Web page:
Six Months In: How Living Abroad Can Change You Unexpectedly

It is hard to believe that J and I have lived over six months abroad. Most days living in London feels like living anywhere else.  We have our work routines, our dinner routines, our errands and weekend patterns. It can all seem a little bit boring, normal, but everyone once in a while, when we are eating lunch at a cafe in South Kensington before going to a museum watching the people go by, it hits me– I live in London. That’s a world away from where I grew up and I am lucky to be here.

That’s not to say that London looks like DC or Virginia Beach or anywhere else I have lived. Or that it acts like it. But people are pretty much the same everywhere around the world and I feel like that is especially true in cities. I am grateful that I can live somewhere new and that it is enough like home that it is easy to get over that initial shock of “I am here and I have no idea what I’m doing.” That shock never disappears completely (I definitely don’t know what I’m doing long term), but its voice blends into the hum of the urban background that I have grown used to–the cars along the street, the British accents in the pubs and on the telephone and, even more so, the languages I can’t understand as I walk down my street.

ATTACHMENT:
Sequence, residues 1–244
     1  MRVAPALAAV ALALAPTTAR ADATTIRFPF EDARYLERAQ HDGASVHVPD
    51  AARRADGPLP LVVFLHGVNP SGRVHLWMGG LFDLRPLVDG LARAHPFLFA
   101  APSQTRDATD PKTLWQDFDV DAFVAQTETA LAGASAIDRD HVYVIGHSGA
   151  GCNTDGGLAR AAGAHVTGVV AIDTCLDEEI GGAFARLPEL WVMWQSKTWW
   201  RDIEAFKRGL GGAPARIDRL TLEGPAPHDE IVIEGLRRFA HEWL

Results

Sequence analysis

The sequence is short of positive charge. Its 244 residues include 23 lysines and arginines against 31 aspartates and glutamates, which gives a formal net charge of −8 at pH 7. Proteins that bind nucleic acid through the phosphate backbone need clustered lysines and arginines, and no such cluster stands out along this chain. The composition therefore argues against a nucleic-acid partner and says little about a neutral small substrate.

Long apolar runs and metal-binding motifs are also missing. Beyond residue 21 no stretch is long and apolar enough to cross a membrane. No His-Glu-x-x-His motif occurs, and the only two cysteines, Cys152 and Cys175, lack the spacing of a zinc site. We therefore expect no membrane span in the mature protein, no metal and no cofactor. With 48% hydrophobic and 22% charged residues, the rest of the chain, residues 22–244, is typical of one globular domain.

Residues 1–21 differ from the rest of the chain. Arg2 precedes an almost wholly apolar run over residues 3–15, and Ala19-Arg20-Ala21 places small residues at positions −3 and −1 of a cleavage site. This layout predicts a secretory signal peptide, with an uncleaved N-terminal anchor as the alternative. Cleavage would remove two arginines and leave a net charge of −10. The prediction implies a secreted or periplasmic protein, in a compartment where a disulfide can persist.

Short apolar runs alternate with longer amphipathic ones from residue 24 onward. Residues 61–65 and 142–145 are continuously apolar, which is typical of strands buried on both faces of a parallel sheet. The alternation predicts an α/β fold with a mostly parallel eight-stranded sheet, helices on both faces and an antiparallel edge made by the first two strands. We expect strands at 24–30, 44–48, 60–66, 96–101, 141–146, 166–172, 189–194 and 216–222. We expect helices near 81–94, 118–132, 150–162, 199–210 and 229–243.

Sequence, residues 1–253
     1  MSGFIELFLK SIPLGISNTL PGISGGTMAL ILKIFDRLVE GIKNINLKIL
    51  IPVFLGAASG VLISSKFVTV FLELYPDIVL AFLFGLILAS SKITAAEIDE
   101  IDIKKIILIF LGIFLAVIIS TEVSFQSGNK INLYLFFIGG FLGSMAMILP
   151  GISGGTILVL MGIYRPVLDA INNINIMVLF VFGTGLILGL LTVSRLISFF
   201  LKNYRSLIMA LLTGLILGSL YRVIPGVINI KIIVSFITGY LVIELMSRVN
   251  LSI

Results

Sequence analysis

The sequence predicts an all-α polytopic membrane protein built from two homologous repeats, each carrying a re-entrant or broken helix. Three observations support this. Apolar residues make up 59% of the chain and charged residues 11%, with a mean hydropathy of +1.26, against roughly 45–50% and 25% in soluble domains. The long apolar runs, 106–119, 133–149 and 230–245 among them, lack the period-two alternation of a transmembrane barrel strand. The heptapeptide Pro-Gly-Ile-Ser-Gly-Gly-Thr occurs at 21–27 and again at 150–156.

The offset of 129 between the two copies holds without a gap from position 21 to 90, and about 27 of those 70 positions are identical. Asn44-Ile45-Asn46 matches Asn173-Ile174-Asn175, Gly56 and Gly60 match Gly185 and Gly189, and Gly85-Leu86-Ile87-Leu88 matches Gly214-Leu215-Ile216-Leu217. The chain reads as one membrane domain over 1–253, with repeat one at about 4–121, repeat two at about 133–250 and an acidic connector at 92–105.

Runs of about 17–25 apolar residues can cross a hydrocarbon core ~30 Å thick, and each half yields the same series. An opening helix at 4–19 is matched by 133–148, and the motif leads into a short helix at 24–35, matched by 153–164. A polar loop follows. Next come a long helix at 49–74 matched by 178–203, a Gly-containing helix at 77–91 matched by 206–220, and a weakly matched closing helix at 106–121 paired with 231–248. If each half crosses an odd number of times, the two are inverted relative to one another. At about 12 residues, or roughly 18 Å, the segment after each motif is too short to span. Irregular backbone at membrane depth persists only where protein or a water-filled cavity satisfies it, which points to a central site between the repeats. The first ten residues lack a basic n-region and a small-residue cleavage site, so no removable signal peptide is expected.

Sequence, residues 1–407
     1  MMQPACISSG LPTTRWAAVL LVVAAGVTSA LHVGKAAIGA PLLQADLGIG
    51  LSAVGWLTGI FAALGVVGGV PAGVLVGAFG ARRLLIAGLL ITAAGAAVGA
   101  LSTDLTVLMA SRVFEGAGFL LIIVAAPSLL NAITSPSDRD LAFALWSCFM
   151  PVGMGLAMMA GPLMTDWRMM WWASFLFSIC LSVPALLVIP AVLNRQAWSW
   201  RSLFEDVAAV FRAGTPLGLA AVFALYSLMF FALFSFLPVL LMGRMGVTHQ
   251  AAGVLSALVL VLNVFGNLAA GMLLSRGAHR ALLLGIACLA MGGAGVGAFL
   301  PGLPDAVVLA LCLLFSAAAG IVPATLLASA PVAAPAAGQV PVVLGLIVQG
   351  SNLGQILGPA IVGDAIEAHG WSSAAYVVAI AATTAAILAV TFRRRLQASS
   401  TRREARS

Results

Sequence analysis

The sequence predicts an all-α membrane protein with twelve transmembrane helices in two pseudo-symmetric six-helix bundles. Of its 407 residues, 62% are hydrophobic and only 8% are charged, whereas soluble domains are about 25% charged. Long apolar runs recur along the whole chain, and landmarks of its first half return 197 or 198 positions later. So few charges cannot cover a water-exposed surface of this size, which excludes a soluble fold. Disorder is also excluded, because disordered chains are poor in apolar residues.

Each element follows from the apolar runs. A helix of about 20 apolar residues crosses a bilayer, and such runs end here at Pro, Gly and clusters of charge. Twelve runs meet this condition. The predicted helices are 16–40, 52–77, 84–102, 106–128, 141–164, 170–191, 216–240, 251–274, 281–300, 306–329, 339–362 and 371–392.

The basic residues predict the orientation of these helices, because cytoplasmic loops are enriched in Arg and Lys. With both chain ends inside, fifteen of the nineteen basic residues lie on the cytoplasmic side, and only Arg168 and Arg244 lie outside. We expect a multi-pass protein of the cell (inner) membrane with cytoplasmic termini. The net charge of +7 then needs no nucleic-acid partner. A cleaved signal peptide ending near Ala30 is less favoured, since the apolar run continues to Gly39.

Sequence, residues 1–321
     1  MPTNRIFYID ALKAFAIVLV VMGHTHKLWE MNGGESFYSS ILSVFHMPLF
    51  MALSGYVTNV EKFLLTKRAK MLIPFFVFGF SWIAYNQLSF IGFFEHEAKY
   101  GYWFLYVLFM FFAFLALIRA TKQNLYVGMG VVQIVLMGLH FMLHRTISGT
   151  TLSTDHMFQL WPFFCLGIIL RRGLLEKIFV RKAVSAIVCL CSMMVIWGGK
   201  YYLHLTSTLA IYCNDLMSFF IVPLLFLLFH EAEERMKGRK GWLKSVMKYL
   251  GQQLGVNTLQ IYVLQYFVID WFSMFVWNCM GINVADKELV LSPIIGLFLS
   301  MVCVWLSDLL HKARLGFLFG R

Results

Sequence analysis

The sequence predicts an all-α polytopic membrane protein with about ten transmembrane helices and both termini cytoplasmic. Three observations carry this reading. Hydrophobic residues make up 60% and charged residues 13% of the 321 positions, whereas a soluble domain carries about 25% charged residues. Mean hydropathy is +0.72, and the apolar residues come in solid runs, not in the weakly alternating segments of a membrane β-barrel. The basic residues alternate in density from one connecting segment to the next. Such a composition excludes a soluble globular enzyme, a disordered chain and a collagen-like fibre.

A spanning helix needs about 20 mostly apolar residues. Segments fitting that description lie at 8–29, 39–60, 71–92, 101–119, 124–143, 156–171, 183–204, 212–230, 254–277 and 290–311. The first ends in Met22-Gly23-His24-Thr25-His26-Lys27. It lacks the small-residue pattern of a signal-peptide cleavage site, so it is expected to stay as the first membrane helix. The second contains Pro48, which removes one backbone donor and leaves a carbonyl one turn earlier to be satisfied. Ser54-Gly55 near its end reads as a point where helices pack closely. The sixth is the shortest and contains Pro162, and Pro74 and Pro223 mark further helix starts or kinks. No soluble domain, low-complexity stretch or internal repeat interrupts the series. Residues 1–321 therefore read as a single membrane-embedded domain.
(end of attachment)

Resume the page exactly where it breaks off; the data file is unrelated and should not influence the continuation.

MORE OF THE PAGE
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When I walked down a familiar street in DC just an hour after landing during my Christmas trip a few months ago, I felt strange…. it felt strange. Almost everything was exactly the same…. new colored lights were installed outside my old metro stop, that new office building was finally almost fully constructed…., but everything else was the same. The same except everything seemed so different as well. The streets were larger so it made it seem there were 50 times as many cars coming at me in directions that now seemed unfamiliar. There was so much space between the buildings. So much variety in the materials the buildings were made of. I wasn’t sure if I liked this street any more. I wasn’t sure if I liked DC anymore.